Campaign efforts are accelerating in the race to referendum day for the Indigenous voice, with one in eight votes still up for grabs.
Coming from behind and with every major poll favouring a ‘no’ result, the ‘yes’ movement has hit the ground running in the final week of the campaign.
Activists gathered with First Nations people at The Block, Redfern’s Aboriginal social housing block in Sydney’s inner city.
Redfern community member Shane Phillips said the area, once-rife with crime, had rebuilt itself and hoped voters empower other indigenous groups to do that in their own communities.
“We were a community that was downtrodden and imploding from the scars of dispossession,” he said.
“But we empowered ourselves, we found the solution – it was within us.
“We made sure that we took the responsibility back and that is all this voice is about for us.”
Rugby league legend Johnathan Thurston also offered his endorsement and cited his community work with First Nations people.
“If you have seen the conditions that our young people go through … in our Indigenous communities, then you would be voting yes,” he told reporters in Brisbane.
“I am extremely proud of my culture, I know my family history, I know what our culture has endured.
“We are fighters, we are survivors and our young people now will hopefully be the beneficiary of what the nation votes on Saturday.”
But prominent ‘no’ proponents including Opposition Leader Peter Dutton say the voice would needlessly change the constitution without necessarily improving outcomes for Indigenous people.
“Our party wants practical outcomes, improvements for indigenous people on the ground, but we don’t want to put at risk what is a system that is the envy of the world,” he told reporters in Tasmania.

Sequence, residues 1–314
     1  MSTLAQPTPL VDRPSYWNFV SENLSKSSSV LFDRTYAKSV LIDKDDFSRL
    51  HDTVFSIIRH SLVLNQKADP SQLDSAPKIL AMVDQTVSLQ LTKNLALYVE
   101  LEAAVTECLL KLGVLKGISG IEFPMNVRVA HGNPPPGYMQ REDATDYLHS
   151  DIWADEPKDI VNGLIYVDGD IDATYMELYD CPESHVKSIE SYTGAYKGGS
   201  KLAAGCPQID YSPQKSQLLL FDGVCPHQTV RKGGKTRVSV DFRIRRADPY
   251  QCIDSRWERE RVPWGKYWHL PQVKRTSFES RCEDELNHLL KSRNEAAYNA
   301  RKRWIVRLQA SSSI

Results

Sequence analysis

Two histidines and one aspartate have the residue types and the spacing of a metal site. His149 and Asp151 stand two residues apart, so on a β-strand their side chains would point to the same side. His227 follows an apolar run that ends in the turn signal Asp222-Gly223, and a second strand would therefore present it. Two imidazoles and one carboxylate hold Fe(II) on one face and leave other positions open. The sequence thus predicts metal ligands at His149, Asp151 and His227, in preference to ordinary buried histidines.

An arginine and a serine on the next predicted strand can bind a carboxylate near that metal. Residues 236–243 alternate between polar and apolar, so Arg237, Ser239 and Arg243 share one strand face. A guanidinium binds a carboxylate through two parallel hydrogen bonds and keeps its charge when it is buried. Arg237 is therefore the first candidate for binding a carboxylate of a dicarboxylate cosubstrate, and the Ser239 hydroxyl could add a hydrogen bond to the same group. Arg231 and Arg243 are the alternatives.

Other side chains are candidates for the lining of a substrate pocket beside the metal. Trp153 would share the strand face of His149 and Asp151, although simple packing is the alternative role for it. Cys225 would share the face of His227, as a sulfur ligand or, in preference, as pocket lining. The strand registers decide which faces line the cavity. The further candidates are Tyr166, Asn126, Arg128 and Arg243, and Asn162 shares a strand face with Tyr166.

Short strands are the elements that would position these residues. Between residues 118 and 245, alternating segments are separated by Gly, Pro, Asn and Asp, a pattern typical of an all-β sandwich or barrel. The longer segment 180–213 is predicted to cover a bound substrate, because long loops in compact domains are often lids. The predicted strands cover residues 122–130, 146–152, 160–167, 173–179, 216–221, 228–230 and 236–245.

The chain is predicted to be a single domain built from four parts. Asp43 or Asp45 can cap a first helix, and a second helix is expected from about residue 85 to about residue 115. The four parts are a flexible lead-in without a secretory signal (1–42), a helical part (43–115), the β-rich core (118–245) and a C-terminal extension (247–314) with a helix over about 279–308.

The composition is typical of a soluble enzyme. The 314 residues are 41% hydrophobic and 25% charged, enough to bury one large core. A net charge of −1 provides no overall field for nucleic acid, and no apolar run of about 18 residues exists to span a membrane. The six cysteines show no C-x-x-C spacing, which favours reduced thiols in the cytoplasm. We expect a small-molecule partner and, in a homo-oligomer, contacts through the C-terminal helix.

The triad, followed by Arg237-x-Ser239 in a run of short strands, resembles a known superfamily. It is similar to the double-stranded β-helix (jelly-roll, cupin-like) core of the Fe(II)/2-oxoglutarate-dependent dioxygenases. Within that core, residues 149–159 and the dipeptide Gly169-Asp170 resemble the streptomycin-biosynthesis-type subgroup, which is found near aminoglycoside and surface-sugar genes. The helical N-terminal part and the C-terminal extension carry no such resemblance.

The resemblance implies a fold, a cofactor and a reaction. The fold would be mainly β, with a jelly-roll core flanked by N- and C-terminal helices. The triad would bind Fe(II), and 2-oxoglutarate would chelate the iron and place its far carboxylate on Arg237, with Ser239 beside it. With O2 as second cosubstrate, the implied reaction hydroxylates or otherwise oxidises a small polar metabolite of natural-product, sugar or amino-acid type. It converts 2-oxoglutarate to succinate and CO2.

“There is no evidence to support it, it is a very broad set of words open to interpretation.”
Prime Minister Anthony Albanese maintains there is still hope of the voice getting up.
“We have five days in which Australians can have a look at what the question is – the constitutional change is very clear,” he told Nine’s Today program on Monday.
“There will be a body that may give advice on matters affecting Indigenous Australians and the parliament remains supreme.
“For the parliament and government, the decision-making process doesn’t change but you get better outcomes if it’s an informed decision.”
A Resolve poll conducted for the Sydney Morning Herald and The Age alongside the Newspoll survey shows the ‘no’ campaign is still ahead, though one shows a slight uptick in support for ‘yes’.
But about one in eight people remain undecided days out from polling day on Saturday.
Mr Albanese has warned it will be his last shot, saying the government will not try to establish the voice if the referendum fails.
More than 2.2 million people have cast their ballot while a further 1.9 million applied for a postal vote.